Plain Wisdom: An Invitation into an Amish Home and the Hearts of Two Women

Plain Wisdom: An Invitation into an Amish Home and the Hearts of Two Women

4.4 49
by Cindy Woodsmall, Miriam Flaud

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Plain Wisdom is a compilation of heartwarming joys and teary-eyed trials of two women -- one Amish and one modern Georgian -- who live over a century apart by custom‚ but share community‚ family‚ and Christ as a common denominator. Plain Wisdom offers insights and encouragement for Christian women from all walks of life‚ plus shares facts…  See more details below


Plain Wisdom is a compilation of heartwarming joys and teary-eyed trials of two women -- one Amish and one modern Georgian -- who live over a century apart by custom‚ but share community‚ family‚ and Christ as a common denominator. Plain Wisdom offers insights and encouragement for Christian women from all walks of life‚ plus shares facts and details about Old Order Amish communities from a unique insider perspective.

Editorial Reviews

From the Publisher
Praise for Plain Wisdom
“A treasure chest, for sure… The wisdom in these stories is time-tested and true—plain and simple.”
—Karen Kingsbury, New York Times best-selling author of Unlocked and Shades of Blue
“A fascinating comparison between two starkly different ways of life.”
—Donald B. Kraybill, author of The Riddle of Amish Culture
“A beautiful weaving of the lives of two very different women drawn together through their bond of faith and love of family. Their intertwining stories offer both timeless wisdom and sincere encouragement to inspire all women to learn from one another’s experiences. You will enjoy their honesty, their humor, and their life lessons as well as some of their delicious recipes! Cindy and Miriam bring us back to the place where our hearts long to go—a place of simplicity and truth.”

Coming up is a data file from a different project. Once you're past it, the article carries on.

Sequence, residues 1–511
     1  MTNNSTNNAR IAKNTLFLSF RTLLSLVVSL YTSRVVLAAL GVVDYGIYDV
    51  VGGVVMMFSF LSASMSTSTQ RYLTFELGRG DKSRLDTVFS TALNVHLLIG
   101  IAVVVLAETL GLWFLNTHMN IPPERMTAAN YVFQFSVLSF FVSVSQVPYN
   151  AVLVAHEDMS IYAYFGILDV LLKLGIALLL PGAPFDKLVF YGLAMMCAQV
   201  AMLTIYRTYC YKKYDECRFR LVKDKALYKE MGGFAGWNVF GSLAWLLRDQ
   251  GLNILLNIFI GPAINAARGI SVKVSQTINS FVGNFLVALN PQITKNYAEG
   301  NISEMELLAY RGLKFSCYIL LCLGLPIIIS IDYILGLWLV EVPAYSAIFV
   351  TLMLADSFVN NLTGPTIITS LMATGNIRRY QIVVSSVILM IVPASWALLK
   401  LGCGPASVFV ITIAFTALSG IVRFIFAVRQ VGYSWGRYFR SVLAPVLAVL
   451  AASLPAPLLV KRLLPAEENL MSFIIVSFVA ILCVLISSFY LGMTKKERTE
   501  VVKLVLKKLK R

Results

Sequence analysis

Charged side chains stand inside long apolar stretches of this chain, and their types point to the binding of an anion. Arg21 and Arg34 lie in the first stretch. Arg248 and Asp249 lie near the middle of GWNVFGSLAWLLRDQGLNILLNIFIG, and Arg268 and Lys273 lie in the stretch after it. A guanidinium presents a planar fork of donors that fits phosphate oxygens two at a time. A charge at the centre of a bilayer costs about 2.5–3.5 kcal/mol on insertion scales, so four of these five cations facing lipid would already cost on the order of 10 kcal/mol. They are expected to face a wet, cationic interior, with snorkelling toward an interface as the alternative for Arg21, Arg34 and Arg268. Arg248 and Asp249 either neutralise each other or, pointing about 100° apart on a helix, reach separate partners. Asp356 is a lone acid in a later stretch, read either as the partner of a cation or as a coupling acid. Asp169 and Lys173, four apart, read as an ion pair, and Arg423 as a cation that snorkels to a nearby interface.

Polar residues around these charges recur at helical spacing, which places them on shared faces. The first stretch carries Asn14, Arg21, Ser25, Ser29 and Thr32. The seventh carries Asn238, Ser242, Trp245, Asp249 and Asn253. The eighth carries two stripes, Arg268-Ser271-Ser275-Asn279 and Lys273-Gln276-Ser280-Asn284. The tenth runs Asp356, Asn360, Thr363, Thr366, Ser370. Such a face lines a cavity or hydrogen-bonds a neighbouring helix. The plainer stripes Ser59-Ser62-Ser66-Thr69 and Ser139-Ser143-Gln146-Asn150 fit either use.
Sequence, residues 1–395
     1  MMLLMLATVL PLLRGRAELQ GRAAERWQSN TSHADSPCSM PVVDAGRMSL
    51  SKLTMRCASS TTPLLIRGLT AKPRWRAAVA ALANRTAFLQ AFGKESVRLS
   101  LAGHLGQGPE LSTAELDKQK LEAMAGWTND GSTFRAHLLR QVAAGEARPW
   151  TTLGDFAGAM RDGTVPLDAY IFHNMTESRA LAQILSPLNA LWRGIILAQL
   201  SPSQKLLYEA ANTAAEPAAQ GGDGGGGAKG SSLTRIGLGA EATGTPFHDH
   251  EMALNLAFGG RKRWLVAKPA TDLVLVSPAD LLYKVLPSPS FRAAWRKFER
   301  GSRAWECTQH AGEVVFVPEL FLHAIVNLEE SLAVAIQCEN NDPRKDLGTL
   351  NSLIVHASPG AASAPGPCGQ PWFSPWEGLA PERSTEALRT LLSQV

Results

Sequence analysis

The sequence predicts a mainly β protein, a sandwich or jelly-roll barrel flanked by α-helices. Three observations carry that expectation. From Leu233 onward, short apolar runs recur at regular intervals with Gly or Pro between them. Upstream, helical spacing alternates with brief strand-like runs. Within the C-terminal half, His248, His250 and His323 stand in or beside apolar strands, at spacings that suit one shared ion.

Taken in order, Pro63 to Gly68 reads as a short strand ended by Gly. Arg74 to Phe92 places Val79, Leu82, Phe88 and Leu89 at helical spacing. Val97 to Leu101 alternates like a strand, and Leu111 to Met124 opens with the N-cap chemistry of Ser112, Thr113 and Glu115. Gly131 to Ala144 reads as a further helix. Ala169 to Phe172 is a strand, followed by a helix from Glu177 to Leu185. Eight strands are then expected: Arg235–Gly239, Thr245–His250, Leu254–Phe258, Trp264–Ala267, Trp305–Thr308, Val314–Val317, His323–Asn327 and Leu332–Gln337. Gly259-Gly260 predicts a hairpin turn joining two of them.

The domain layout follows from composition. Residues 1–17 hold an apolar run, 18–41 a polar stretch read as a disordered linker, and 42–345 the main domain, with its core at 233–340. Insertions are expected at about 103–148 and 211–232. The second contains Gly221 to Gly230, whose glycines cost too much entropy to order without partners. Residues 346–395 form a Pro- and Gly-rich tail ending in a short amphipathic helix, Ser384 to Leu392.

—Karol Ladd, author of The Power of a Positive Woman
Plain Wisdom provides a beautiful glimpse into the lives of my longtime friend Cindy Woodsmall and her Amish friend Miriam Flaud. Though separated by the modern world and Old Order Amish customs, they have a living faith that bonds them and invites us to embrace our experiences with greater hope, delight, and laughter.”
—Dr. Alan Weatherly, senior pastor of Asbury United Methodist Church, Madison, Alabama
“Cindy Woodsmall and Miriam Flaud have the unique ability to marry two very different lifestyles in a masterful way by focusing on their similarities in faith and in daily life. Their chapters are easily digested in short pages designed for busy women—be they Amish or English. I loved savoring the wisdom in this book as well as the mouth-watering recipes. Written with the true insight of women who have been there, Plain Wisdom is a serious guide to life that doesn’t take itself too seriously…and offers something for every woman.”